DUI roadblocks. How are they even legal, and do you support them?

I ran a search and surprisingly didn’t find anything on this.
What do you think about police roadblocks to catch drunk drivers? I think it is weird that they are even legal. I can’t think of a bigger invasion of privacy. They have no probable cause to stop you. Why don’t they set up roadblocks to make sure you don’t have any stolen goods in your car? Or, to make sure no one has a warrant out for their arrest for some unpaid parking tickets? Because it would be ridiculous and the public wouldn’t stand for it.
I don’t advocate drunk driving, but roadblocks aren’t going to help the problem, and they are an invasion into our private lives. I can’t even see how they are legal.

Just in case I have this wrong - DUI (or PCA as it is called in Australia) is just as illegal in the US as it is here, is it not? Do you not - as we do - have different laws from one state to another regarding the blood alcohol concentration with which you may legally drive?

Is there any state in the US where you can drive on public roads with as much alcohol in your system as you like without committing any kind of offence?

You’re seriously concerned about the legality of police departments trying to enforce the law in respect of drunk driving.

Come to Australia. A driver’s license is regarded as a privilege which you earn here - not something to which you have an automatic entitlement.

If you break the traffic laws here - whether in respect of blood alcohol concentration, speeding, not wearing seat belts - then you had damn well better pay the penalty. You knew the rules when you got your driver’s licence; they are advertised both on the roads and in the media all the time, and - yes - you ARE committing serious offences when you breach those laws.

I can’t seriously believe that in the US you need “probable cause” for traffic offences…

Quite clearly, you do not have random breath testing there. Or radar guns. Or “red-light” cameras.

the Supreme Court disagrees w/you, stating that the state’s overriding interest in keeping drunks off the road trumps your individual rights in this case

I’m unsure what the U.S. or (in my case) Canadian courts have said to justify DUI roadblocks.

However, a government-owned highway is public property, and you don’t have an intrinsic right to use it however your personally see fit. Technically, the highway belongs to the people of (insert your country/state here) and through their elected representatives they have chosen to impose drunk driving laws and heavy enforcement measures. If you don’t like it, don’t drive on public roadways.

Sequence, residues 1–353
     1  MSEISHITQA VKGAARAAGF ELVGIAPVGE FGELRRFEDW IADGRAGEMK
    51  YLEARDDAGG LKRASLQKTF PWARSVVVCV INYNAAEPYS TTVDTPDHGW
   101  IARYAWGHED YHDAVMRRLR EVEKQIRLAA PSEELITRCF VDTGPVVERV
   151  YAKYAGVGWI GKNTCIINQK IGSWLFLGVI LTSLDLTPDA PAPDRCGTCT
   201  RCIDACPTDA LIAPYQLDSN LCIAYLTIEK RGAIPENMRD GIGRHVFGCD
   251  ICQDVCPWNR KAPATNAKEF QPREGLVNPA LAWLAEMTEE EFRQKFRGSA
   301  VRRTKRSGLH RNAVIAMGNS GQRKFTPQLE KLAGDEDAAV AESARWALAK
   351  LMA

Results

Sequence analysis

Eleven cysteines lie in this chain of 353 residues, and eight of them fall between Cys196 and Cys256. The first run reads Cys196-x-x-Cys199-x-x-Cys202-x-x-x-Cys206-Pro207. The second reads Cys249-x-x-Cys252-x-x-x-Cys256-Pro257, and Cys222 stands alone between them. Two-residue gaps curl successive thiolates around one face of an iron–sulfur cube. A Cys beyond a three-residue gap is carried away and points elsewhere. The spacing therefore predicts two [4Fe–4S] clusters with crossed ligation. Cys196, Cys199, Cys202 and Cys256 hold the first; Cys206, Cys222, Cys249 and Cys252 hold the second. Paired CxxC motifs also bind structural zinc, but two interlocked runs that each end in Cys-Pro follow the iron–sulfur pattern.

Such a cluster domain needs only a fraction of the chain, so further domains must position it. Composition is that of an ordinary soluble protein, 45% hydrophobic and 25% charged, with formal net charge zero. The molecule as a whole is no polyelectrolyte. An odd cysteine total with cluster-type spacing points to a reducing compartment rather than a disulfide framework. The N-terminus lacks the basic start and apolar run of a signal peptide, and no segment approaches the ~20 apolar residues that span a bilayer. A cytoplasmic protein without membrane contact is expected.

Given the appalling level of carnage caused by drunk drivers, who STILL account for thousands and thousands of highway fatalities in the U.S. every year, I’d say this is a reasonable limit on personal freedom.

Horhay sobriety checkpoints are legal because the Supreme Court has said they are legal, in Michigan Dept. of State Police v. Sitz, 444 U.S. 496 (1990).

Personally, I’ve always felt Sitz to be a horrible decision. Justice Stevens wrote a cutting dissent, which IMO can be summed up in one quote from it:

One does not wish to be pulled over at 2 A.M. driving home the minister’s wife, even if one is stone-cold sober.


Sua, you or one of the other legal type people here can possibly explain to me the whole deal of sobriety tests being based on walking straight lines etc in the US when in the rest of the modern world you are simply breath tested or blood tested.

I simply don’t get why you would apply a totally subjective test when it is possible to apply an objective test.

I realise that in the US this very possibly gets down to state vs federal powers, but I truly don’t understand it and would appreciate it if someone could explain it to me. (My very limited understanding of the US Constitution is that it doesn’t so much detail what can be legislated at federal level as what CANNOT be).

You cannot fine a person for failing to walk a straight line, reprise. You must subject to a breathylizer test at the station if you don’t do it at the car (or if they don’t have one in the car).

Well, everywhere in the states I’ve lived, anyway. I suppose I don’t know about every single state…

A frind of mine got pulled over and failed the breathylizer but did not get a fine because he passed the filed tests, so I guess even the breathylizer is not totaly objective…at least in Pennsyvania.

Does anyone think the Supreme Court decision to allow these roadblocks could lead to further decisions to allow roadblocks for other things, i.e. warrants for arrest for unpaid parking tickets, or other things that I am sure people would not want to go through a roadblock for?

erislover, does that mean that in your state the highway patrol (or whoever enforces your driving laws) can ask you to walk a straight line as some kind of “straw poll” sobriety test without even asking you to blow in the bag on the spot?

I’ve already said that I don’t understand the US traffic laws, but presumably if you “fail” any given test they choose to give you, that test must carry a POTENTIAL penalty in order for it to be legal in the first place. If not, then it wouldn’t even be legal here, let alone under your much more comprehensive Constitution and Bill of Rights.

Not all police officers/highway patrolmen carry breathalyzers with them, mainly for budgetary reasons. Others do it because the breathalyzer isn’t admissible as evidence in most places either – it can give false positives due to mouthwash, for instance.


Why would a test have to carry a potential penalty for it to be legal?

You aren’t going to be asked to walk the line unless there is an indication that you are drunk; i.e.—swerving, smells like alcohol, empty beer cans thrown out the window, generally incompetent. Performing a roadside test is to see if you have the relatiev coordination to drive. If that is impaired you will be administered a breathylizer test.

You cannot be proven DUI for alcohol until you’ve taken some sort of test like a blood or breathylizer. But you can be taken off the road for looking like you don’t know what the hell you are doing.